Congrats to the Chicago Cubs on their World Series win! While most people are well aware of the Cubs’ 108-year wait, most people don’t know these 20 facts about the MLB team.
20. The Cubs’ Worst Trade Was In 1964 When The Team Traded Outfielder Lou Brock For Cardinals Pitcher Ernie Broglio
Lou Brock went on to have a Hall of Fame career with the Cardinals, while Broglio retired just two years after being traded.
19. Former Cubs Pitcher Mordecai Brown Had Only Three Fingers On His Pitching Hand
Despite this, Brown won at least 20 games for the team in the early 1900s.
18. Cubs Pitcher Randy Myers Was Attacked On The Field By An Angry Fan In 1995, But Used Martial Arts Training To Defend Himself
Myers was able to subdue the fan using his martial arts skills until security arrived.
17. Former Cubs Pitcher Fergie Jenkins Also Played Professional Basketball
Jenkins played for the Harlem Globetrotters from 1967 to 1969 during baseball’s off-season.
16. Over 51,000 Fans Attended A July 1930 Game And The Overflow Crowd Was Allowed To Stand Along The Warning Track
Wrigley Field saw one of its largest crowds at 51,556 fans during Ladies Day on July 27, 1930.
15. The Original Lights That Were To Be Installed At Wrigley Field Were Donated To A Shipyard After Pearl Harbor
Owner P.K. Wrigley was to install lights in the park in 1942, but decided to donate them to a shipyard following the attack on Pearl Harbor.
14. Actor Chuck Connors Played First Base For The Cubs In 1951
Connors is best known for his role in The Rifleman, and he also starred in 1957’s Old Yeller and 1963’s Flipper among other movies.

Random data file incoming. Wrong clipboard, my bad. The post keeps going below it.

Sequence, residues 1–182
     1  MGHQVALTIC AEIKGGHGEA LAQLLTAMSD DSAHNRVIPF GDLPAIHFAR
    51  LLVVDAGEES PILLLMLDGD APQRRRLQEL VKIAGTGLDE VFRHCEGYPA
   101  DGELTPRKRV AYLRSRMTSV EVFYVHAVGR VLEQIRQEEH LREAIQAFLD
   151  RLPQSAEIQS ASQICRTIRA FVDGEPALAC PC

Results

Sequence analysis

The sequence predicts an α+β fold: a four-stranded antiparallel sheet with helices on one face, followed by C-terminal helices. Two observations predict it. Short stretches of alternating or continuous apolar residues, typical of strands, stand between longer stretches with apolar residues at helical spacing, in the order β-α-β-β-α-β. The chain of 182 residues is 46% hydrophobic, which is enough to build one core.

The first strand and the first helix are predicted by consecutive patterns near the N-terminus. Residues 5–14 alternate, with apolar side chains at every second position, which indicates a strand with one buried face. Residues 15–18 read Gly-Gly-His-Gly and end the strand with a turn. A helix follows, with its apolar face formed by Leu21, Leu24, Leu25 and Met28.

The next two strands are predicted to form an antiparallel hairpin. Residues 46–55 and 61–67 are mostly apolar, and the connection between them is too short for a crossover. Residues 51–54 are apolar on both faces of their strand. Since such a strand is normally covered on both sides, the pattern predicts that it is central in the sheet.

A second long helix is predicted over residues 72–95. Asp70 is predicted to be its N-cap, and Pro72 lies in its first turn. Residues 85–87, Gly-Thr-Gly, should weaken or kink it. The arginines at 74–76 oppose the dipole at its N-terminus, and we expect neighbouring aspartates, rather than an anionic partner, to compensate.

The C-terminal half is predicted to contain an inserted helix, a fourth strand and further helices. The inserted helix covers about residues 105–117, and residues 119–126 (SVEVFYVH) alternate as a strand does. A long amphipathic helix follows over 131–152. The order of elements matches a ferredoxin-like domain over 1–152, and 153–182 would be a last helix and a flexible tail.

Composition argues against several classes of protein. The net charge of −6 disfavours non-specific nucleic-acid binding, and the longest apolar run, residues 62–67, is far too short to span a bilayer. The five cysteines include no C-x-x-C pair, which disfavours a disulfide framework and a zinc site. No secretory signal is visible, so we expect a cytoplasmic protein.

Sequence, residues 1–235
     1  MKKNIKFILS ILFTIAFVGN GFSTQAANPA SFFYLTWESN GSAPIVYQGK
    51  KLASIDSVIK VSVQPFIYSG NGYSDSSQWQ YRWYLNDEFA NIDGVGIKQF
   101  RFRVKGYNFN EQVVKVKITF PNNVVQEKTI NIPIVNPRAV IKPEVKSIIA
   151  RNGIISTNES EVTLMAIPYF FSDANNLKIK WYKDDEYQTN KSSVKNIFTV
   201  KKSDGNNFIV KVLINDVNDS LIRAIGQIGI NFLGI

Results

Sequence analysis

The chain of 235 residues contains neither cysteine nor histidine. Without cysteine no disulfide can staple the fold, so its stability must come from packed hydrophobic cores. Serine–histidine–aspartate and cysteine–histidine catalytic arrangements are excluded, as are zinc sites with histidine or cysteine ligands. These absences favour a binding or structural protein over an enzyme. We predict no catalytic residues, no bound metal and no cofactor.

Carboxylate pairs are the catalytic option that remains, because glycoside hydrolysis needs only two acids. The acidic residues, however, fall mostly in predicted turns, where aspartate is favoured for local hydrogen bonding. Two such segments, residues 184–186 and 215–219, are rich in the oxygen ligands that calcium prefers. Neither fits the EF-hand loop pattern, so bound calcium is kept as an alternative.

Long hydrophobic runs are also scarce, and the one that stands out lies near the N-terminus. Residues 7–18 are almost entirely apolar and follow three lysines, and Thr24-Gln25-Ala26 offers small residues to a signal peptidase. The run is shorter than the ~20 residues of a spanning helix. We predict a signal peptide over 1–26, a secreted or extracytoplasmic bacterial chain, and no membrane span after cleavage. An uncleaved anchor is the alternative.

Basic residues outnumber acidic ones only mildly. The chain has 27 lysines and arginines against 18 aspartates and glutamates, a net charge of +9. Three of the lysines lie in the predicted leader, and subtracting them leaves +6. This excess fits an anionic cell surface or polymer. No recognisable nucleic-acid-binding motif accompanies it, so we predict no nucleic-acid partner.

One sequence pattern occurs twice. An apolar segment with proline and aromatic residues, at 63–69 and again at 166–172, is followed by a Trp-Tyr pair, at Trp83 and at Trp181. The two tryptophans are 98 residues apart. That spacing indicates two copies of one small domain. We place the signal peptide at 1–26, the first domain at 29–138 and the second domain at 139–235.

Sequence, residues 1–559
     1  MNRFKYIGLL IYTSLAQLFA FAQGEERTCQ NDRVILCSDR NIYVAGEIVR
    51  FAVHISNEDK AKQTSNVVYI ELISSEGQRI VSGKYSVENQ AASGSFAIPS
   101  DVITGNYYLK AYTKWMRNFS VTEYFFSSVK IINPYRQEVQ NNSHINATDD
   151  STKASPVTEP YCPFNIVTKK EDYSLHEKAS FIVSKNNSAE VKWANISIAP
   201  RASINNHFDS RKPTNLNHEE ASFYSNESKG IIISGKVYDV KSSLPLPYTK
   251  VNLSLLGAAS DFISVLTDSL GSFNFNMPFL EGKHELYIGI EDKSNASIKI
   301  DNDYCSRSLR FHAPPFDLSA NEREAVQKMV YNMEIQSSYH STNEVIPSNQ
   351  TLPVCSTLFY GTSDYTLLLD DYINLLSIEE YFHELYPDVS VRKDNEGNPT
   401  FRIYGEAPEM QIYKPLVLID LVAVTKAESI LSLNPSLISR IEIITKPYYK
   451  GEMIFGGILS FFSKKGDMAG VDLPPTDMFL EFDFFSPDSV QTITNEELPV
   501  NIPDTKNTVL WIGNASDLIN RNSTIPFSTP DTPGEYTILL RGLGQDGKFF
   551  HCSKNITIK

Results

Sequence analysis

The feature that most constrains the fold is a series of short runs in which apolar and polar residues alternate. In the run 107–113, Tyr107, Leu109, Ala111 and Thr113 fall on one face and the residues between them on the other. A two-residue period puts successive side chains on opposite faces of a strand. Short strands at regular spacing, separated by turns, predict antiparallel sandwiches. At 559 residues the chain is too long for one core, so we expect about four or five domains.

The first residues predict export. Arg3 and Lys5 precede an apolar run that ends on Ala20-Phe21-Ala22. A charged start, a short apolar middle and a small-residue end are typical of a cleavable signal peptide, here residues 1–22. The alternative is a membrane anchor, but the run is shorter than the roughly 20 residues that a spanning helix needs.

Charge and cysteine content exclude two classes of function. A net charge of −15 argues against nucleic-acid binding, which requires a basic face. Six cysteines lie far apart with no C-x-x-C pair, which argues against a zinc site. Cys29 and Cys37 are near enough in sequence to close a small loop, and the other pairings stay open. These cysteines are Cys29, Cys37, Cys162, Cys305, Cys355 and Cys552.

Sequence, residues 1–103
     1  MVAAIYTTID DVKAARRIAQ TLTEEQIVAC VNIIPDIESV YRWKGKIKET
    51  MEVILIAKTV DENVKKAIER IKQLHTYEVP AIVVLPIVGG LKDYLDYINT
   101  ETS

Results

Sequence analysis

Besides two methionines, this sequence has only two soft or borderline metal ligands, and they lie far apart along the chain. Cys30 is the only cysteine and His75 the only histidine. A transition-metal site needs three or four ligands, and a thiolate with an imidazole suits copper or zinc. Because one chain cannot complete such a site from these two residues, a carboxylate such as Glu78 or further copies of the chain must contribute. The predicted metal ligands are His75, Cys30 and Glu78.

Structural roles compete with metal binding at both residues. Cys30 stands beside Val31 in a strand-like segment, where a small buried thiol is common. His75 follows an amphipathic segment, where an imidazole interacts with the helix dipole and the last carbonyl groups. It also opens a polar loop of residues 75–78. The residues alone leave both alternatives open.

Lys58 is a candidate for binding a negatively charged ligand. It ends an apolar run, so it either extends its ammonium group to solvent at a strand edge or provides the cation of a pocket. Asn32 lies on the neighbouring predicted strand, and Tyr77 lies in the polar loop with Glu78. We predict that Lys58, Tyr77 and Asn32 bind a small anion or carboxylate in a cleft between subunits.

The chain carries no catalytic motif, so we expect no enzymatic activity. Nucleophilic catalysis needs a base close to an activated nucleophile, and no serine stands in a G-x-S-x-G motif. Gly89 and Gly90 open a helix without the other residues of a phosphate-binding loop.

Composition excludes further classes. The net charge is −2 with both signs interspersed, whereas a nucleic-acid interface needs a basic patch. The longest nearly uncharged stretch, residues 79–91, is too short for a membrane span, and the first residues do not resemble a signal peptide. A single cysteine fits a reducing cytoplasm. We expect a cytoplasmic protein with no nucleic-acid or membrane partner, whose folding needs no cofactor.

13. Former President Ronald Reagan Would Broadcast Cubs Games For An Iowa Radio Station
Ronald Reagan re-created Cubs games for a radio station from teletype (typed messages) reports in the 1930s.
12. The Cubs Used To Train At Catalina Island Off The Coast Of California
The team held spring training sessions at the California island from 1921 to 1951.
11. The Ivy On The Outfield Wall Was Planted In 1937 By The Cubs’ Front Office Assistant
Bill Veeck, who went on to own the White Sox, planted the famous ivy that covers the outfield wall way back in 1937.
10. The Cubs Were Once Known As The “White Stockings”
Before being named the “Cubs” in the 1900s, the team was called the White Stockings from 1876 to 1894.
9. The NHL, NFL And NBA Didn’t Exist The Last Time The Cubs Won The World Series In 1908
The NHL was created in 1917, the NFL in 1920, and the NBA in 1946.
8. The Original Name Of Wrigley Field Was Weegham Park
The park was named after Charlie Weegham, who built the stadium in 1914 for the Chicago Federals.
7. The “Hack 191” Flag On Wrigley’s Roof Stands For A Player’s Runs During The 1930 Season
Former Cubs player and Baseball Hall of Famer Hack Williams batted a record 191 runs in the 1930 season— a record that still stands even today.
6. Former Player Ernie Banks Was The Only Cub To Win Back-To-Back MVP Awards
Ernie, also known as Mr. Cub, won the award in 1958 and 1959.
5. The Foul Poles Have “Hey Hey” On Them In Honor Of Broadcaster Jack Brickhouse
Former Cubs broadcaster Jack Brickhouse’s home run call was “hey hey,” which is forever remembered on Wrigley’s foul poles.
4. Eddie Vedder Of Pearl Jam Wrote A Song For The Team
The song is called “All the Way.”
3. Sammy Sosa Was The Last Cubs Player To Win The MVP Award
He won the award in 1998.
2. The Cubs’ Record Season Of Attendance Was 2007 With Over 3.25 Million Fans
On the contrary, only 314 dedicated fans showed up to a rainy September 1943 game. The game lasted only five innings before being called due to the freezing weather.